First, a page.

Bitcoin didn’t have its best day yesterday when the Securities Exchange Commission (SEC) issued its first decision on a bitcoin exchange-traded fund (EFT) by rejecting the Winklevoss ETF. But the Winklevoss twins are hopeful that the commission will come around to working with them on…
Bitcoin didn’t have its best day yesterday when the Securities Exchange Commission (SEC) issued its first decision on a bitcoin exchange-traded fund (EFT) by rejecting the Winklevoss ETF. But the Winklevoss twins are hopeful that the commission will come around to working with them on bringing an EFT to market. An ETF would allow investors to invest in bitcoin the way they purchase funds that track tangible currencies.
Tyler Winklevoss released a statement saying they look forward to working with the SEC, noting they are determined to continue the project they began four years ago. He said SEC oversight and regulation are critical to the health of the marketplace and the safety of investors.
The application requested permission to trade on the Bats BZX stock exchange under the symbol, COIN.
The commission said bitcoin exchanges are not regulated and are susceptible to “fraudulent or manipulative acts and practices.” The SEC also said there were concerns bitcoin exchanges are subject to price “volatility and instability.”
Bitcoin’s price fell from $1,300 to $1,066 Friday when the decision was announced.
While the decision dashed hopes for a surge in bitcoin’s price and investment that many believed an ETF approval would bring, pundits were quick to note the decision does not deny the possibility of a bitcoin ETF.
“This doesn’t mean that there will not be a bitcoin ETF,” said Julie Hyman of Bloomberg following the announcement. “The fact that they’re not getting this approval is a big blow for this particular product.”
“There are other endeavors out there trying to get bitcoin ETFs to market,” said Bloomberg’s Joe Weisenthal. “They have different structures in terms of how they’re going to secure the bitcoin.”
Weisenthal noted that GLD, the first gold ETF, faced struggles. “Gold was a very hard asset class for people to invest in prior to there being an ETF that you click on your brokerage,” he said.
Two other companies are vying to become the first bitcoin-focused ETF, but what might happen next is unclear, noted MarketWatch reporters Ryan Vlastelica and Joseph Adinolfi.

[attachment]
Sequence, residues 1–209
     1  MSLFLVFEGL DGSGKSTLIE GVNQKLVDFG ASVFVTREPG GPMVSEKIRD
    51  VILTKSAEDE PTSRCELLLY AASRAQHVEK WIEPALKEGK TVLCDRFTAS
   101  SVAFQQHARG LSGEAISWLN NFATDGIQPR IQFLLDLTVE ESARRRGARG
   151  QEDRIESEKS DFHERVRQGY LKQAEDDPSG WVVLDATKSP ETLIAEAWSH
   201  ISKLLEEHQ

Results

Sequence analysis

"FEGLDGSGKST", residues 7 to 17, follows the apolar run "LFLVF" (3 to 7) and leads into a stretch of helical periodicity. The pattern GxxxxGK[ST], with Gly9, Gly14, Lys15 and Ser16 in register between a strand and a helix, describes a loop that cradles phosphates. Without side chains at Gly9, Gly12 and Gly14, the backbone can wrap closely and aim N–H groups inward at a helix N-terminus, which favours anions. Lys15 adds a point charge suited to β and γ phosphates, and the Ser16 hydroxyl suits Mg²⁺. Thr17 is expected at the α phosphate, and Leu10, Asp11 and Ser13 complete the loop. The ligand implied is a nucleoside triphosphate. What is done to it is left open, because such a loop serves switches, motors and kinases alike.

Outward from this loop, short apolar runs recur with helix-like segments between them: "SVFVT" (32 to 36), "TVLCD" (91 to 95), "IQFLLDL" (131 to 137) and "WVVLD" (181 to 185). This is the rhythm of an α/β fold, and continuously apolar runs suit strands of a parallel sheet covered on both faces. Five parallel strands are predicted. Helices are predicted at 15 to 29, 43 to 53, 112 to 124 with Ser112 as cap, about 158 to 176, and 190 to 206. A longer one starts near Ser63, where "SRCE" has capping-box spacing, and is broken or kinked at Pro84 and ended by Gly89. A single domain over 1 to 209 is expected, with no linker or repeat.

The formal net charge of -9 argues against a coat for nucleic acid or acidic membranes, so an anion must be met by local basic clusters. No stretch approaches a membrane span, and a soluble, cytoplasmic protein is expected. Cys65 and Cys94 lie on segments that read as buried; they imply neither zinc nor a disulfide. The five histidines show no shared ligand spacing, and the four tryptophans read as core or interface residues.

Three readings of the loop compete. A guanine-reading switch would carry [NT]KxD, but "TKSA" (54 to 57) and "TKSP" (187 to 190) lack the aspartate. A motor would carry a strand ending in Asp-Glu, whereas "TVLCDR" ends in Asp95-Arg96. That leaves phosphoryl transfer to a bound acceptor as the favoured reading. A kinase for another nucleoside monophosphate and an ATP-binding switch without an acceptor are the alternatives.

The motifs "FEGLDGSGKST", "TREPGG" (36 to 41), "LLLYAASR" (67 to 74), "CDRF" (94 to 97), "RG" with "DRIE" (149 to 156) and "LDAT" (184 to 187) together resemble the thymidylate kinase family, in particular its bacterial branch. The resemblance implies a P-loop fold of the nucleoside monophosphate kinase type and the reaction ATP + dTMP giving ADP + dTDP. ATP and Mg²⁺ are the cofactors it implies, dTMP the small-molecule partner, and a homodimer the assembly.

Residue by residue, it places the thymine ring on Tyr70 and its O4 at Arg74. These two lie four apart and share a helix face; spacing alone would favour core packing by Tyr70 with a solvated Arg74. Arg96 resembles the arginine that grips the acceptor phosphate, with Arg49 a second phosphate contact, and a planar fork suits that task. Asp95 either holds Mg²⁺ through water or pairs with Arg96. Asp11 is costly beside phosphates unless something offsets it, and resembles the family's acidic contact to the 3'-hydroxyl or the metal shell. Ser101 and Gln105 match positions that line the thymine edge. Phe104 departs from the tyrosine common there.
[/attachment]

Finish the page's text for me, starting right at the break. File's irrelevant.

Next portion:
The SEC has until Sept. 22 to issue a ruling on the Grayscale bitcoin trust to trade on the New York Stock Exchange. Barry Silbert, the chief executive officer of Grayscale’s parent company, the Digital Currency Group, declined to comment on the Winklevoss decision, Vlastelica and Adinolfi noted.
Representatives of the SolidX Bitcoin Trust, which filed in July to list shares on the NYSE, could not be reached for comment.
Both the Grayscale and SolidX proposals track bitcoin’s price based on the TradeBlock bitcoin index while the Winklevoss ETF proposed using pricing data from the Winklevoss Gemini Exchange.
Also read: The SEC rejects the Winklevoss bitcoin ETF
While many observers predicted a surge in bitcoin’s price if the ETF was approved, Fortune writer Jen Wieczner pointed out that investors in the Winklevoss ETF would not have captured the surge because the ETF was designed to calibrate the value of the invested bitcoin once a day, Monday through Friday, at 4 p.m. on the Winklevoss Gemini Exchange. The Winklevoss index averages the price across numerous bitcoin exchanges.
Wieczner noted that the Winklevoss index, WinkDex, has the price up 23% this year compared to 30% for “raw” bitcoin. The bitcoin price would have continued to fluctuate after the ETF priced its bitcoin for the weekend.
Even after the drop in bitcoin’s price following the SEC’s decision, bitcoin has returned 190% on an annual compound basis since early 2012.
Image from Shutterstock.
Last modified: January 10, 2020 3:35 PM UTC